THE ORIGINAL AND BEST TRANSLATION BY MICHAEL GLENNY50th Anniversary EditionAfterwards, when it was frankly too late, descriptions were issued of the man: expensive grey suit, grey beret, one green eye and the other black. He arrives in Moscow one hot summer afternoon with various alarming accomplices, including a demonic, fast-talking black cat. When he leaves, the asylums are full and the forces of law and order are in disarray. Only the Master, a man devoted to truth, and Margarita, the woman he loves, can resist the devil's onslaught. Brilliant and blackly comic, The Master and Margarita was repressed by Stalin's authorities and only published after the author's death.The Vintage Classic Russians Series: Published for the 100th anniversary of the 1917 Russian Revolution, these are must-have, beautifully designed editions of six epic masterpieces that have survived controversy, censorship and suppression to influence decades of thought and artistic expression.
Camille is doing her best to disappear. She barely eats, works at night as a cleaner and lives in a tiny attic room. Downstairs in a beautiful, ornate apartment, lives Philibert Marquet de la Durbellière, a shy, erudite, upper-class man with an unlikely flatmate in the shape of the foul-mouthed but talented chef, Franck. One freezing evening Philibert overcomes his excruciating reitcence to rescue Camille, unconscious, from her garret and bring her into his home.As she recovers Camille learns more about Philibert; about Franck and his guilt for his beloved but fragile grandmother Paulette, who is all he has left in the world; and about herself. And slowly, this curious quartet of misfits all discover the importance of food, friendship and love.
Elspeth Huxley captivated readers throughout the world with her 'memories of an African childhood' in THE FLAME TREES OF THIKA and THE MOTTLED LIZARD. In this final volume of her trilogy she tells the story of her adult life in Africa, in which the vigorously evoked personalities - from the pioneer Lord Delamere and Baroness Blixen to Jomo Kenyatta - blend with her supurb description of the social, cultural and political upheavals of the time. 'An accomplished story-teller, she weaves anecdotes, character sketches, political history together without losing her thread or the readers momentum. ' SUNDAY TIMES 'She evokes it all lovingly but astringently, especially the glittering, often scandelous life of the young aristocrats who lived in Happy Valley. ' DAILY EXPRESS
Avoiding shellfish was easy. The stoning of adulterers proved a little more difficult - and potentially controversial. Was it enough to walk up to an adulterer and gently touch them with a stone? Even that could be grounds for accusations of assault, especially with female adulterers in Manhattan. So what's a good Bible-reading boy to do?Raised in a secular family but increasingly interested in the relevance of faith in our modern world, A.J. Jacobs decides to dive in head first and attempt to obey the hundreds of less-publicized rules. The resulting spiritual journey is at once funny and profound, reverent and irreverent, personal and universal, and will make you see history's most influential book with new eyes.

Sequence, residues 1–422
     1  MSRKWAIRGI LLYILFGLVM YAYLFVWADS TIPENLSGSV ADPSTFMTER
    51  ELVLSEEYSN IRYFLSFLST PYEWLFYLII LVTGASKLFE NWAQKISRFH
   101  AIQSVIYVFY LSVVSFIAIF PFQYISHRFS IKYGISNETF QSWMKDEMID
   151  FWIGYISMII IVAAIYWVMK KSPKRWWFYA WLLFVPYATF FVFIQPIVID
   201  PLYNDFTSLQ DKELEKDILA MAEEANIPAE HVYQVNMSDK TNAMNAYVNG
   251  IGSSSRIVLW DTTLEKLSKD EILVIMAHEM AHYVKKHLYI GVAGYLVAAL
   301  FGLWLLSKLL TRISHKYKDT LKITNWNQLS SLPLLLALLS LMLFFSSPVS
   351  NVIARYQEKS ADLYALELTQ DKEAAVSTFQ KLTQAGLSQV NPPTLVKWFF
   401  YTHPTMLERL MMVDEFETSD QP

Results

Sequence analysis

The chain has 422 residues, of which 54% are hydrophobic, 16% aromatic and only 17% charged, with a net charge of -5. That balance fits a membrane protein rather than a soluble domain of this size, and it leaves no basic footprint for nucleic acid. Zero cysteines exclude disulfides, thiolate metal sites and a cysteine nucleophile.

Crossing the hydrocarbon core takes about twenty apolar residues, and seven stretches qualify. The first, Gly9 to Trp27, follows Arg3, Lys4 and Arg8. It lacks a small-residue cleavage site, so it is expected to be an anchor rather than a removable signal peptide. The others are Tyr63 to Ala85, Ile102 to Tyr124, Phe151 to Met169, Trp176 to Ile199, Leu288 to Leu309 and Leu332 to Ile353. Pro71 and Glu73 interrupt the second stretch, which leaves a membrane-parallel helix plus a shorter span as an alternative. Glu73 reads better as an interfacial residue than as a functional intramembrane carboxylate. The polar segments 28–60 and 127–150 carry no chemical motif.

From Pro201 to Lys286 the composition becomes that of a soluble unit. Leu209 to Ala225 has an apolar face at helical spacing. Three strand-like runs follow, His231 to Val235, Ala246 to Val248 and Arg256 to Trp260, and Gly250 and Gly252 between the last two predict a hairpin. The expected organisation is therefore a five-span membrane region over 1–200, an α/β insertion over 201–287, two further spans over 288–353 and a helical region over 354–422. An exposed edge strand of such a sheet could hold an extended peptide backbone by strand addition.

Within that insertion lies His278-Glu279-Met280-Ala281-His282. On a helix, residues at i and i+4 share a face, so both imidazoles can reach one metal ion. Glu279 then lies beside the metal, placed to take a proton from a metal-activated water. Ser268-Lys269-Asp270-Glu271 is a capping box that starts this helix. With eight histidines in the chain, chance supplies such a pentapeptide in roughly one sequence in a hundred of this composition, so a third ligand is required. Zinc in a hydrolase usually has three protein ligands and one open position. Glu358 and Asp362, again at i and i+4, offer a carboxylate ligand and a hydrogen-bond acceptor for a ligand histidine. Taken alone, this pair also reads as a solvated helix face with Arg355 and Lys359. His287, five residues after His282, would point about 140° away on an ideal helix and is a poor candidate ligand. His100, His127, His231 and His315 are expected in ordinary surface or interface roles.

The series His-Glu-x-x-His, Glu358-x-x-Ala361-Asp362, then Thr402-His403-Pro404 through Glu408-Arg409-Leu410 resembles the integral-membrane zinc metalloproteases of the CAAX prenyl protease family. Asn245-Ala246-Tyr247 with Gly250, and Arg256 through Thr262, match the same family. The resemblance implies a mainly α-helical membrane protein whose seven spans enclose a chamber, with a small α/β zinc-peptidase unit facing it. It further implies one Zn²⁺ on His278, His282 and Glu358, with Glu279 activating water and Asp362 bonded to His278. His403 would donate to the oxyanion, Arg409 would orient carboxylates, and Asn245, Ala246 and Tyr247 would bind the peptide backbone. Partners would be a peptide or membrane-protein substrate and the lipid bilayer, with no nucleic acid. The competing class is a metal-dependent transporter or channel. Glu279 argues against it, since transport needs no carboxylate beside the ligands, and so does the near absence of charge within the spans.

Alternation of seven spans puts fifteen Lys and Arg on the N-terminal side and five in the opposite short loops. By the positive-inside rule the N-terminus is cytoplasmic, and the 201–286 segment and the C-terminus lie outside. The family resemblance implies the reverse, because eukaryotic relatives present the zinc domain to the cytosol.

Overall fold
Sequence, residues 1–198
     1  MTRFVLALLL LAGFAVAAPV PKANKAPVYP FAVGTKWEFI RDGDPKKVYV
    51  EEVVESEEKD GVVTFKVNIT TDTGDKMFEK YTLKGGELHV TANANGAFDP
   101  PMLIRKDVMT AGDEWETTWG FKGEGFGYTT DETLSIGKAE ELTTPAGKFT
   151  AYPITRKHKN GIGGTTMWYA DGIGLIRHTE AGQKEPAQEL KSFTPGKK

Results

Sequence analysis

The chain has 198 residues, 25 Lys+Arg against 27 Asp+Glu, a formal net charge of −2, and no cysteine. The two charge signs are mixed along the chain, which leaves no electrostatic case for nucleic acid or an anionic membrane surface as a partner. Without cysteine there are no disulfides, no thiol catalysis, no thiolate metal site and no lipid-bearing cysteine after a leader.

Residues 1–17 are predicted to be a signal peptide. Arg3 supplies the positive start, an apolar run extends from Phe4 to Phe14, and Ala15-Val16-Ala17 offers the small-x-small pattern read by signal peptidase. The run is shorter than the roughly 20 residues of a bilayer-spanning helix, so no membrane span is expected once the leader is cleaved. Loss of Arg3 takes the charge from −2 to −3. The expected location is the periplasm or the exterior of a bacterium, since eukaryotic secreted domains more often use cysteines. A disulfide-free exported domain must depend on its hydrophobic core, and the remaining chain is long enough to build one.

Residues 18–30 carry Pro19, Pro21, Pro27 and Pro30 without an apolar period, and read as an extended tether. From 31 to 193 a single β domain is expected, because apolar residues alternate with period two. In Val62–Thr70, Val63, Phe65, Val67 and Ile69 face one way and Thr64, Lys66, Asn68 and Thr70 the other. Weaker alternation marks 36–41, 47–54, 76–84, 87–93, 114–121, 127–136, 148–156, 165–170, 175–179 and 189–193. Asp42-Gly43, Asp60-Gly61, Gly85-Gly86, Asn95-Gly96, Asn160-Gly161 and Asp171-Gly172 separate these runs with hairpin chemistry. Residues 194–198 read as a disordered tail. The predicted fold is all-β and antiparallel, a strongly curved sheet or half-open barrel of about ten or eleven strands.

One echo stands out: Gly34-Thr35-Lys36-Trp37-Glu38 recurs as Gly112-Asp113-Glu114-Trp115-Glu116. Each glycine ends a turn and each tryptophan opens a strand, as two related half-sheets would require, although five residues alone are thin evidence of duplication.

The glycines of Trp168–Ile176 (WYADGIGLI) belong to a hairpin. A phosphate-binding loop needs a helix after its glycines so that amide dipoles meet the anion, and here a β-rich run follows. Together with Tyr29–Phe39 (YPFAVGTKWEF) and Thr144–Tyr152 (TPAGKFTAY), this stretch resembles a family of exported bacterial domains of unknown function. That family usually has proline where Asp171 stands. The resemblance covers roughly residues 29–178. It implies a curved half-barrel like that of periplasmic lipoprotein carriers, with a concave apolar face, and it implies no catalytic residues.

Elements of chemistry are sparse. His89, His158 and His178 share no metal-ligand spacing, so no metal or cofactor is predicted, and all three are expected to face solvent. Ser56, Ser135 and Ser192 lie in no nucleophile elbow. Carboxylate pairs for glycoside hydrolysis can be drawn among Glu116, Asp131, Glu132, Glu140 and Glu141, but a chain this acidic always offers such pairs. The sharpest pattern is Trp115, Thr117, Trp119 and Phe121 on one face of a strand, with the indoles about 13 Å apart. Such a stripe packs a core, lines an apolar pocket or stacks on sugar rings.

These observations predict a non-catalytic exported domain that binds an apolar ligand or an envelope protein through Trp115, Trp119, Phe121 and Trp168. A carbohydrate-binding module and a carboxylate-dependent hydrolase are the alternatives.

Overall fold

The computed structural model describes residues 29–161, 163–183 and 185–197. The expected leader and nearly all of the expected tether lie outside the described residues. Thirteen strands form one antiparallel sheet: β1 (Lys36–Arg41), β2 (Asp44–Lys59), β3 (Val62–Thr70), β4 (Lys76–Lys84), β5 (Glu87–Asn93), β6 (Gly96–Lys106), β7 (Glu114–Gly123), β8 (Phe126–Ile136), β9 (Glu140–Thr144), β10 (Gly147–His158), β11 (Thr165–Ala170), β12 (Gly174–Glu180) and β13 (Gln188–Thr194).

Anthony Patch and Gloria Gibson are the golden children of the Jazz Age. They marry and embark on a life of glittering parties, lavish expenditure and scandalous revelry. When the money dries up their marriage founders. In this wistful novel Fitzgerald portrays the decline of youthful promise with devastating clarity.
THIS ORANGE INHERITANCE EDITION OF Eugénie Grandet IS PUBLISHED IN ASSOCIATION WITH THE ORANGE PRIZE FOR FICTIONBooks shape our lives and transform the way we see ourselves and each other. The best books are timeless and continue to be relevant generation after generation. Vintage Classics asked the winners of The Orange Prize for Fiction which books they would pass onto the next generation and why. Rose Tremain chose Eugénie Grandet.
Monsieur Grandet is a very rich man whose chief care is his gold. He runs his household with exacting miserly attention and his wife and daughter suffer a Spartan existence. On the evening of his daughter Eugénie's twenty third birthday his foppish nephew Charles suddenly arrives from Paris. Eugénie has never known passion. Now, in an instant, she falls in love and her life is changed forever. Monsieur Grandet will not countenance his daughter's marriage to her penniless cousin and Eugénie's determination to follow her heart leads her into direct conflict with her father.'This brilliant but devastatingly sad novel moved me so much, I began it again the moment I got to the end' Rose Tremain.